Posts Tagged ‘biscotti’

So…food gifts…where do you stand on these?

Are you of the, “What a great idea! Such a personal gift made with love”, “Can’t wait to use those preserved lemons in my next tagine” or “Stingy f*****r!”

TV Chefs and food experts try to convince us that a food gift would be a great present to receive – but most individuals would conceive it to be a cheap gift.  Others sense it to be almost like a charity thing, “food gift at Xmas.”  I must agree with the sentiment heralded by chefs, however, must clarify what I mean and would accept by a food gift:

a personalised, bespoke, homemade, carefully packaged gift.

Perhaps not some BHS random jar of something!

Some people may see the idea of a food gift as thrifty and a cheap option – but it is not about the money spent – as buying the ingredients and glass jars/bottles can sometimes be quite costly – and expensive gifts can often be inappropriate or unwanted! For me it’s about sharing with the recipient my time, thoughtfulness and newfound expertise (and clearly none of my humility!)

…BUT…

I do feel that you must know those who you are giving these gifts to well.  As they are going to appreciate your gift and not see it as a cheats way out of Xmas shopping.

Some of my staple gifts are Chilli Jam (which gets pre-orders throughout the year!) and biscotti (often made with a limoncello combo).  This year florentines, peanut brittle and cookie mix in a jar were also part of the food gifts available.

And having given them out to my Christmas Party guests I can’t but hope that they’ve enjoyed every bite and those with children have appreciated the cookies in a jar – which are ridiculously easy to make following the on jar instructions:

Merry Christmas!!

Having established a benchmark of food and drink at my parties a few years ago, what could I pull out of the bag to feed my 20+ guests this party round?  After all I can no longer get away with several bags of doritos and assorted dips!

Do I provide my standard party medly of spiced nuts, cranberry glazed cocktail sausages and pesto palmiers?  Surely that’s a more wintry repertoire.  With the weather nearing the cusp of summer a lighter menu would be more appropriate.

So when thinking of summer food what do we recall to mind?  For me it’s things like chilled gazpacho, salads, fruit and veg and bbq meat!  How could I go about trying to incorporate these ideas into my repertoire of party food?

Summer Party Menu:

strawberry cocktail

taken from youtube.com

Strawberry Champagne Cocktail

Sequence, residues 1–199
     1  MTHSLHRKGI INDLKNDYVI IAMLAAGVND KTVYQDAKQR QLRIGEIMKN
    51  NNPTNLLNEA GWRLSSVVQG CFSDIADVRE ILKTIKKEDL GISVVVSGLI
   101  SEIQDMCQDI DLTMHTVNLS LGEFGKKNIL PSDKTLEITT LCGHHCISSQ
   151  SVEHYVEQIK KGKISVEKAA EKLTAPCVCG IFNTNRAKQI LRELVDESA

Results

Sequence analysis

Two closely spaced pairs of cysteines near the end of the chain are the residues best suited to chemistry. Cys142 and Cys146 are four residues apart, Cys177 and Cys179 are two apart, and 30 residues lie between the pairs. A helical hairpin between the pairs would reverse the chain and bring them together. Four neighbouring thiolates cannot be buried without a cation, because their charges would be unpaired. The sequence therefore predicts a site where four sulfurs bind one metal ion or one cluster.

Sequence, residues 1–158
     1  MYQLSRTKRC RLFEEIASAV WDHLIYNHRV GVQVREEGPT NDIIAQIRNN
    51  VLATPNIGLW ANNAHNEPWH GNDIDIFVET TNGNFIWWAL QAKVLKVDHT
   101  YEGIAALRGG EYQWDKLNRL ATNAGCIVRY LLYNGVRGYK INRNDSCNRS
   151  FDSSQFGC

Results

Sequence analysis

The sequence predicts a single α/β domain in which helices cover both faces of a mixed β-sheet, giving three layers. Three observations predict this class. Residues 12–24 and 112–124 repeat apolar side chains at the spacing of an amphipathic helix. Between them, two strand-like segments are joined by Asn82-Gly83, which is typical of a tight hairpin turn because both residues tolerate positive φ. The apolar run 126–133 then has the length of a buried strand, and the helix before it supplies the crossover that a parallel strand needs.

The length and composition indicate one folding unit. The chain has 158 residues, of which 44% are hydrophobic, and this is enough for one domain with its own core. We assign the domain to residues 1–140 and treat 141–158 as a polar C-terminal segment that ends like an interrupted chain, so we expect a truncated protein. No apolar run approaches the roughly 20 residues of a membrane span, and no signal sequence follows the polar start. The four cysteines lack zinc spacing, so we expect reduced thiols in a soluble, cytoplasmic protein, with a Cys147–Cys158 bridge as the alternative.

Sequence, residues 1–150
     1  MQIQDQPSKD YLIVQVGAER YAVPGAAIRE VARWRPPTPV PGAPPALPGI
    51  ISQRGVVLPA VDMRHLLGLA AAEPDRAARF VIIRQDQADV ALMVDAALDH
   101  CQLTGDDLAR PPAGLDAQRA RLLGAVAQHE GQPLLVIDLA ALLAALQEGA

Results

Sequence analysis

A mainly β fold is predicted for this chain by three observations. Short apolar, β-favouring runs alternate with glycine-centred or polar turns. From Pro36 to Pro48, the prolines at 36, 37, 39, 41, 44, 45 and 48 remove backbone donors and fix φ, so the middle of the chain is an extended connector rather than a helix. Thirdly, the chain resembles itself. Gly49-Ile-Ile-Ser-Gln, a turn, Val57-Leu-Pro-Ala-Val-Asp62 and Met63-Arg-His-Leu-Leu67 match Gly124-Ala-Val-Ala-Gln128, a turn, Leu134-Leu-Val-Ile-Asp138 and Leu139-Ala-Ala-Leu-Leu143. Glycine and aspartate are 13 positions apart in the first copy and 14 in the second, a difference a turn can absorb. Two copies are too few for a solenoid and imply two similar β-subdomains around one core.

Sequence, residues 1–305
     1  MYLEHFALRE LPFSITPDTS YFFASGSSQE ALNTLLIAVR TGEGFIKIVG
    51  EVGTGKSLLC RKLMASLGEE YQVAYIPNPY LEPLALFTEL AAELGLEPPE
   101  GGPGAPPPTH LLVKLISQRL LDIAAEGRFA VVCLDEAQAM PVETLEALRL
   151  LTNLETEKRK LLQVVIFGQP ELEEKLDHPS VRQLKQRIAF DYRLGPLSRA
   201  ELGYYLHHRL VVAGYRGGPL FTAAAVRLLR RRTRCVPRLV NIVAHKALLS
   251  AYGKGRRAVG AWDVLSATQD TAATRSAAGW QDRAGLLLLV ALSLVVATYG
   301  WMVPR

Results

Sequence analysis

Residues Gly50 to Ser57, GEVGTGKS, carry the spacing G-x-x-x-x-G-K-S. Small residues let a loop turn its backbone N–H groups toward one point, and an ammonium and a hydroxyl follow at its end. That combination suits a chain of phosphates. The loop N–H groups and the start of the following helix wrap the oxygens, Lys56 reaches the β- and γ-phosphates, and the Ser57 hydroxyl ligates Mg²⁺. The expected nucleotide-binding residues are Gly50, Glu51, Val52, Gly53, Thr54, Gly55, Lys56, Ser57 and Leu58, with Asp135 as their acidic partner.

In a blender blitz strawberries, lemon juice and icing sugar until you form a strawberry puree.  Pour this into the bottom of champagne glasses and top up with the fizzy wine of your choice.

After much deliberation the following is the menu I decided on:

Ajo Blanco (aka white gazpacho), Roast vegetable cous cous salad, Cauliflower cake and Beef carpaccio with parmesan shavings.  For dessert homemade limoncello and biscotti.

Ajo BlancoAjo blanco

I followed a Sam and Sam Clark Moro recipe (having even asked them which bread to use via Twitter!) but looking online there are several sites that have similar if identical recipes.

Literally combine almonds, garlic, stale bread, olive oil, sherry vinegar and iced water in a blender and blitz until it forms a smooth-like liquid with the consistency of cream.  Chill and serve with white grape cheeks.  This needs to be served ice cold – so either put into the freezer for a while before serving or pour over ice.

Top Tip: beware the volume of liquid you put into your processor as you don’t want it pouring out of the central post as mine did!!

Roast Vegetable Cous Cous SaladRoasted-Veg-Couscous

This couldn’t be easier; roast the veggies you wish – peppers, red onions and courgettes give the best flavour for this but I also used some leftover asparagus.  Aubergine is a great veg to use in this as it is a meaty vegetable providing texture as well as colour.

When you’re ready to assemble, pour boiling water or stock over the cous cous making sure to just cover in liquid.  Cover in cling film and leave until the cous cous has absorbed all the water.  Mix the veg through and add chopped herbs – parsely, corriander and mint work best.